These days everything I read is read against the background of Vermont's Future. This article on digital privacy in the NY Times, 29 Nov. 08, is no exception:
"[Dr. Alex Pentland, MIT Media Lab,] says "there are ways to avoid surveillance-society pitfalls that lurk in the technology. For the commercial use of such information, he has proposed a set of principles derived from English common law to guarantee that people have ownership rights to data about their behavior. The idea revolves around three principles: that you have a right to possess your own data, that you control the data that is collected about you, and that you can destroy, remove or redeploy your data as you wish."
English Common Law
All Canada except Quebec and all of the United States except Louisiana follow common law. U.S. state statutes usually provide that the common law, equity, and statutes in effect in England in 1603, the first year of the reign of James I, shall be deemed part of the law of the jurisdiction. --The Columbia Electronic Encyclopedia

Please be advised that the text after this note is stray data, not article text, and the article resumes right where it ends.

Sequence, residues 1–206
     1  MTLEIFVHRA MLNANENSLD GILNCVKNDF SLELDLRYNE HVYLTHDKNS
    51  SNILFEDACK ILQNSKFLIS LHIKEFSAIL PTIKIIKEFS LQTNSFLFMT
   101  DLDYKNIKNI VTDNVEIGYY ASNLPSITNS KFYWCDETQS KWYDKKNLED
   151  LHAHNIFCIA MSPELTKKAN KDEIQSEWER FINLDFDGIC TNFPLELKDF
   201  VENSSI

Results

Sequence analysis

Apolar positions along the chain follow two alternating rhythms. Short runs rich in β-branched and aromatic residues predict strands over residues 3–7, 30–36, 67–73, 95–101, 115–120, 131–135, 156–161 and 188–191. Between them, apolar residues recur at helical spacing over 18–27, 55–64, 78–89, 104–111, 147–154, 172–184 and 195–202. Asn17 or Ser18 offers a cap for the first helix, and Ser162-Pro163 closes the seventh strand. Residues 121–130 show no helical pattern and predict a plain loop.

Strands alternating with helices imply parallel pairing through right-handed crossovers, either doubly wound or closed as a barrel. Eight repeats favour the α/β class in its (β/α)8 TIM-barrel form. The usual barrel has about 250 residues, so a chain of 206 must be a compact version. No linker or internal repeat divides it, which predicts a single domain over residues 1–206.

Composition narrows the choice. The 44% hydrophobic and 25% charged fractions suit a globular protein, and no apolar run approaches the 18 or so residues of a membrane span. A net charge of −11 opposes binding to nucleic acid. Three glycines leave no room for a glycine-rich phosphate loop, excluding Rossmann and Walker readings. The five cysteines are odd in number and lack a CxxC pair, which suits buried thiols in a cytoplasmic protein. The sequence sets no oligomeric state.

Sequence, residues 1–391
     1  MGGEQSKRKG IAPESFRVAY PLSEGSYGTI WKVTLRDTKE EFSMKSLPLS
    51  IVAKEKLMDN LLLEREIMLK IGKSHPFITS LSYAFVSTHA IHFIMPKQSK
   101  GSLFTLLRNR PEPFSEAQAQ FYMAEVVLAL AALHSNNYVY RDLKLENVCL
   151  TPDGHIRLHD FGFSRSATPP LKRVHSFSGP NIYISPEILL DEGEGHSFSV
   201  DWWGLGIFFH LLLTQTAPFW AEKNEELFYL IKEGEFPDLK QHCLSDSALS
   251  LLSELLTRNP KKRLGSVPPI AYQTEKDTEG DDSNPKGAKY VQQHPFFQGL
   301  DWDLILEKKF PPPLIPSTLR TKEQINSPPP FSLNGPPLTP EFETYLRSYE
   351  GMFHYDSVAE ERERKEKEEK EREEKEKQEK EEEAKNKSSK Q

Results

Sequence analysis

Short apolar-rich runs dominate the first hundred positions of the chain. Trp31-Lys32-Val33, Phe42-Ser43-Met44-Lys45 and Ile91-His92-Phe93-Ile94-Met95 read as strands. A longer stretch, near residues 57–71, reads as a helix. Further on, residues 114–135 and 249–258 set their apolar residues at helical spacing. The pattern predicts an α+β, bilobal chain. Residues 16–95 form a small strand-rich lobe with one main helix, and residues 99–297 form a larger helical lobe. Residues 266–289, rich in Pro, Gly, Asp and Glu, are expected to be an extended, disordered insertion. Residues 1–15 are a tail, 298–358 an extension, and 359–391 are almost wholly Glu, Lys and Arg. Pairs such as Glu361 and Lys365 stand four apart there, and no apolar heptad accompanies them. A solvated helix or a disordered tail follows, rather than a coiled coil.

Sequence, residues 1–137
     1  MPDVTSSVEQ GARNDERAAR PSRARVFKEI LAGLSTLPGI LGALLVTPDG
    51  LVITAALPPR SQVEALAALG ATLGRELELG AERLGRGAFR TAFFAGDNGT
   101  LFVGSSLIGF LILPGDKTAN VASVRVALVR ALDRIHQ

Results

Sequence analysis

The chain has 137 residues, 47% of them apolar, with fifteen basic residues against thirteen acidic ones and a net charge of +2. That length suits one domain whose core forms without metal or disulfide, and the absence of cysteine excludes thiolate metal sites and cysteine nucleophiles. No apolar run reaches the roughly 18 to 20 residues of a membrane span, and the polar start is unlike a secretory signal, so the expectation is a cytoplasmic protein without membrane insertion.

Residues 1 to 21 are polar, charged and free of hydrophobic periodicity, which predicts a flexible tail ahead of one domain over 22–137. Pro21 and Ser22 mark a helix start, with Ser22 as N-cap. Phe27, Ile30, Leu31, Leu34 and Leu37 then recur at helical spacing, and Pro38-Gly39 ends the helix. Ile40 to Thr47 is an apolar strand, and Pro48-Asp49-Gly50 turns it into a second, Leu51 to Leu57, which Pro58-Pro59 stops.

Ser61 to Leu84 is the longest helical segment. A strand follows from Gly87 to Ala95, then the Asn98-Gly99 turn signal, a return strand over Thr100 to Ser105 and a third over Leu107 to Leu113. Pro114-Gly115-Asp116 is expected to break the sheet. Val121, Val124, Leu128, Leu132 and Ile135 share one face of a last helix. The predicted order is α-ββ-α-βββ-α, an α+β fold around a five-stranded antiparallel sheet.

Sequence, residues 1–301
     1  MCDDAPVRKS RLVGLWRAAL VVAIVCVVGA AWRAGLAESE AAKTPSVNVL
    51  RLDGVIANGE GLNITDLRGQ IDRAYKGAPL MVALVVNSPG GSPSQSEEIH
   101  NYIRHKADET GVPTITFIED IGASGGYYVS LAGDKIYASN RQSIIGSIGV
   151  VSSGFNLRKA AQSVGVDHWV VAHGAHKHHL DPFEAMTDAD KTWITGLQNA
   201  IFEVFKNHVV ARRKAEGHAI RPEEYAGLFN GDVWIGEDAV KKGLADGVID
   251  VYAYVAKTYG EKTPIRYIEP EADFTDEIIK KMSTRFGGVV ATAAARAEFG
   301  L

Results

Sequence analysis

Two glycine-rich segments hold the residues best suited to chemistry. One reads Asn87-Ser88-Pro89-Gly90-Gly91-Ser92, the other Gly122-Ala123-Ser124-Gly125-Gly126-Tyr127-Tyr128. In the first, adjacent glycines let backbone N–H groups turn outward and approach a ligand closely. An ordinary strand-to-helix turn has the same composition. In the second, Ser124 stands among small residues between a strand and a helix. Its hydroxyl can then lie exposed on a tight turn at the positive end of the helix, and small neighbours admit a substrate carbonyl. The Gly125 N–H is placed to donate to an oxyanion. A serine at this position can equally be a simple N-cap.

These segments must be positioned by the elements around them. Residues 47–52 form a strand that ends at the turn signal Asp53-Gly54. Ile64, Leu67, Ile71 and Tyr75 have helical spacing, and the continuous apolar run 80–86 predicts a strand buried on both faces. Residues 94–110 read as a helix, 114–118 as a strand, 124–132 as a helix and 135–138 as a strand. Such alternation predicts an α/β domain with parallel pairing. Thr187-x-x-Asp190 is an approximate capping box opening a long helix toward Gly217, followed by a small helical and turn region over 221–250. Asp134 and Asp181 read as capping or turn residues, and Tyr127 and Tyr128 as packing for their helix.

The Expanded Party Line
If you were around Vermont after most folks had phones, you will remember the 8 party lines. I remember my Aunt Eula on her chair, heavy black receiver in one fist, the other hand clamped over the mouthpiece, listening. Fast forward to this, again from the Times article:
"The new information tools symbolized by the Internet are radically changing the possibility of how we can organize large-scale human efforts," said Thomas W. Malone, director of the M.I.T. Center for Collective Intelligence.
"For most of human history, people have lived in small tribes where everything they did was known by everyone they knew," Dr. Malone said. "In some sense we’re becoming a global village. Privacy may turn out to have become an anomaly."